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Violence against Women is Integral to War and Armed Conflict: The Urgent Necessity of the Universal Implementation of UNSCR 1325

Violence against women (VAW) under the present system of militarized state security is not an aberration that can be stemmed by specific denunciations and prohibitions. VAW is and always has been integral to war and all armed conflict. It pervades all forms of militarism. It is likely to endure so long as the institution of war is a legally sanctioned instrument of state, so long as arms are the means to political, economic or ideological ends. To reduce VAW; to eliminate its acceptance as a “regrettable consequence” of armed conflict; to exorcize it as a constant of the “real world” requires the abolition of war, the renunciation of armed conflict and the full and equal political empowerment of women as called for by the UN Charter.

A Statement on Military Violence against Women addressed to the 57th Session of the United Nations Commission on the Status of Women, March 4-15, 2013

(This statement is an abstract for a longer paper being prepared for publication by Betty Reardon. The assertions that comprise the arguments of this statement derive from literature on gender and peace.)

Violence against women (VAW) under the present system of militarized state security is not an aberration that can be stemmed by specific denunciations and prohibitions. VAW is and always has been integral to war and all armed conflict. It pervades all forms of militarism. It is likely to endure so long as the institution of war is a legally sanctioned instrument of state, so long as arms are the means to political, economic or ideological ends. To reduce VAW; to eliminate its acceptance as a “regrettable consequence” of armed conflict; to exorcize it as a constant of the “real world” requires the abolition of war, the renunciation of armed conflict and the full and equal political empowerment of women as called for by the UN Charter.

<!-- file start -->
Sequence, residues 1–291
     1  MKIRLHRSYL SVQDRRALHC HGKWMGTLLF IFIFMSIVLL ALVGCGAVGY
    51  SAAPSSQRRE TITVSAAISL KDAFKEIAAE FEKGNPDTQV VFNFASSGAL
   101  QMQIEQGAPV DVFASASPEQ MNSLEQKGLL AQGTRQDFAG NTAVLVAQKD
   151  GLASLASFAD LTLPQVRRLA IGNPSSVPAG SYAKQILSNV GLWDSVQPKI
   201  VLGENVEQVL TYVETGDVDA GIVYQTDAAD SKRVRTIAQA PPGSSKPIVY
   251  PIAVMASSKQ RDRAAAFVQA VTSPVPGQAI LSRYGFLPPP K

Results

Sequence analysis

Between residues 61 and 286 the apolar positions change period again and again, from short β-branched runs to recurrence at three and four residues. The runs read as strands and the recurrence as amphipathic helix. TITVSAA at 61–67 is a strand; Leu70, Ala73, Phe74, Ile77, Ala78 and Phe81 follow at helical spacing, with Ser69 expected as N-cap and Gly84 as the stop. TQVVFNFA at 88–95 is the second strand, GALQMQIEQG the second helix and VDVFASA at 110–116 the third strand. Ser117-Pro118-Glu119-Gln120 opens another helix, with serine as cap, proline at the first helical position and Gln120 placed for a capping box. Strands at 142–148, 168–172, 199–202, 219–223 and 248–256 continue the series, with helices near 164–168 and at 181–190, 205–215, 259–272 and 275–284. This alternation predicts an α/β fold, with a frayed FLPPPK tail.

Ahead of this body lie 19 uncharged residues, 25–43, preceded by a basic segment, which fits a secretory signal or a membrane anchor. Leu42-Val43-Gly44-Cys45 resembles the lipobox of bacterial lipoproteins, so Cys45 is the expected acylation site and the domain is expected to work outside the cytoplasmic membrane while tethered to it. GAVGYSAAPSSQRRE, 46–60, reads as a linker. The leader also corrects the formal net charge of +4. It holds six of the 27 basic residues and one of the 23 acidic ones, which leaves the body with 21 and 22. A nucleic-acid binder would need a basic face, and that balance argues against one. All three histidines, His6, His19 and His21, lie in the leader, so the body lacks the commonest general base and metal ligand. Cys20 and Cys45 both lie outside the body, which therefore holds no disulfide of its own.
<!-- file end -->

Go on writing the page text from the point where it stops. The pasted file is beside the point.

UN Security Council Resolution 1325 was conceived as a response to the exclusion of women from security policy making, in the belief that that exclusion is a significant factor in the perpetuation of VAW. The originators assumed that VAW in all its multiple forms, in ordinary daily life as well as in times of crisis and conflict remains a constant because of women’s limited political power. Constant, quotidian VAW is unlikely to be significantly reduced until women are fully equal in all public policy making, including and especially peace and security policy. The universal implementation of UN Security Council Resolution 1325 on Women, Peace and Security is the most essential means to reduce and eliminate the VAW that occurs in armed conflict, in preparation for combat and its aftermath. Stable peace requires gender equality. Fully functioning gender equality requires the dissolution of the present system of militarized state security. The two goals are inextricably linked one to the other.

To understand the integral relationship between war and VAW, we need to understand some of the functions that various forms of military violence against women serve in the conduct of war. Focusing on that relationship reveals that the objectification of women, denial of their humanity and fundamental personhood encourages VAW in armed conflict, just as dehumanization of the enemy persuades armed forces to kill and wound enemy combatants. It also reveals that the outlawing of all weapons of mass destruction, ending the arms trade, the reduction of weaponry, an end to the arms trade and other systematic steps toward General and Complete Disarmament (GCD) are essential to the elimination of military VAW. This statement seeks to encourage support for disarmament, international law and the universal implementation of UNSCR 1325 as instruments for the elimination of MVAW.